|This morning, we were pleased to see a whopping 500 of you at our first DFW State of the Market breakfast at the Renaissance Dallas. Our headline is Granite Properties chief Michael Dardick's succinct take on the CRE market.|
No, an episode of The Dating Game didn't break out; in fact our first panel joked that neither wanted to win a date with our moderator, Haynes and Boone partner Rick Martin, left. Michael, center, says if '08 was the hurricane where you wanted to duck and cover, and '09 was an eerie calm where you saw carnage but were still in paralysis about whether the storm would come back, then '10 is about feeling the worst is over, repairing the problems, and building a future. Behringer Harvard president Bob Aisner, calling himself a âpessimistic optimist,â points out that with 8.5M jobs lost since the peak and only 1.5M added per year, things will remain tough a while and predicted significant improvement only in '11-'12, though he noted, âWe won't drift back.â
Michael says he believes the downward spiral is done because now owners are "okay not doing a deal." Pricing is at the bottom, and landlords don't have pricing power yet until there's some absorption. Bob says the good news is about 30M SF of office leasing was done in the 1Q, which is a 100% jump over last year. The bad news is that no one wants to pay anything to make those leases, he says, adding that the leases aren't very attractive. Like many a Dating Game contestant, some leases are actually being turned down.
Henry S. Miller prez Sam Kartalis, Duke Realty EVP Jeff Turner, Stream Realty co-managing partner Mike McVean, and Ernst and Young partner Chris Seyfarth, who reports more than 200 banks have closed in the last couple of years with another 700 on the government watch list. He says the question is "can banks continue to hang on to this debt?" It will continue to pile up as loans mature. Some loans will extend and some won't, providing opportunities for those with capital. He adds that one of the real opportunities may be buying debt rather than the asset itself.
Grubb and Ellis executive managing director Moody Younger says the market conditions are less worrisome than liquidity: âThere hasn't been liquidity in the capital markets or in businesses. The market had rigor mortis.â While values and rates aren't as high as they were, there are transactions being done, he adds, noting that from a value standpoint, the market is at the bottom. âI don't see it getting much worse.â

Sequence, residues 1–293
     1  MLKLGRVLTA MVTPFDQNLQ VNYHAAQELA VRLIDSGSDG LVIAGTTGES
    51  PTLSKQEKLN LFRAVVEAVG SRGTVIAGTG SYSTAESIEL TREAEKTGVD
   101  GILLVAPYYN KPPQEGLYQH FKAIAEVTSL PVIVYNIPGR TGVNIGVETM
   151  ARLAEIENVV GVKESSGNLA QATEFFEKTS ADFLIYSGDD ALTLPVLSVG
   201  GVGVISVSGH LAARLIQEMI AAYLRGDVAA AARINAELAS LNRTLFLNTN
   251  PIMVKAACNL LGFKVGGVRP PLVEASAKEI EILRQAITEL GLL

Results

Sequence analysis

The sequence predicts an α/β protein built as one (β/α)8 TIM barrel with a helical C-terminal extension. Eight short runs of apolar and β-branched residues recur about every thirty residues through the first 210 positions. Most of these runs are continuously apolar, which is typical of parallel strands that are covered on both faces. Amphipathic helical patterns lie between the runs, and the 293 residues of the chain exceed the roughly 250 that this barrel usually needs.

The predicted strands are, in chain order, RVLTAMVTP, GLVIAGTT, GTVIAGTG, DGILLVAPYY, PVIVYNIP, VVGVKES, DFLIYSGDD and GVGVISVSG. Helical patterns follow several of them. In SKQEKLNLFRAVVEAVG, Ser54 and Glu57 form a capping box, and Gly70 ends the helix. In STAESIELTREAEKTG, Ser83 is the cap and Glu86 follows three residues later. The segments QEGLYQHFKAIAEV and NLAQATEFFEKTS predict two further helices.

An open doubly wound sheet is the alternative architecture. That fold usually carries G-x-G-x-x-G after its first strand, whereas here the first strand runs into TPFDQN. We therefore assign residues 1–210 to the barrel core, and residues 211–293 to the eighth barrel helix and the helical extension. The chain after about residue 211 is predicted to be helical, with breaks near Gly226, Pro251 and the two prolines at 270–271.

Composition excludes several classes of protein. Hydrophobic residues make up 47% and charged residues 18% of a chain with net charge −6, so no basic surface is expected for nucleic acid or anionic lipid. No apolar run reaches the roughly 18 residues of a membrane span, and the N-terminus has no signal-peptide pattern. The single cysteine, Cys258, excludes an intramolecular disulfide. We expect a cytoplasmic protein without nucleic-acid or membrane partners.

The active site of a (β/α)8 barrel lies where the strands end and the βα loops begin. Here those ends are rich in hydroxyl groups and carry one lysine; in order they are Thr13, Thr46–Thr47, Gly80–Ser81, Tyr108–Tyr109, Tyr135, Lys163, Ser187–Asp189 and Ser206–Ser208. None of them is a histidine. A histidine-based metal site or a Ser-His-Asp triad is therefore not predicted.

|Look who we found in the crowd: UrbanAmerica Advisors' Terry Kennon, KLM Realty Advisors prez Glenn Silva, United Equity Ventures' Dave Carter, and Fource Communications' Murphy Webster, who's marketing a newly opened Oak Cliff senior living facility and has another opening in 30 days in McKinney. He's also in search of capital for some student housing deals in the works. His money is on education and healthcare as growth areas. Dave is looking to buy multifamily properties in Sun Belt states while working on some fractured condo deals on the East Coast.|
|Black's Guide's Fran Piegari, Falcon Realty Advisors' Linda Zimmerman, CushWake's Susan Gwin Burks, Atmac Mechanical Services' Julie McBrayer, and Move Solutions' James Hughes. James's office relocation company is working with HP on its reduction to half its previous size as the workforce goes more mobile. The firm is seeing activity as tenants move within buildings from one office space to a smaller one. Also, landlords are calling on the firm to make improvements (new carpet, paint jobs) as incentives for tenants to renew leases.|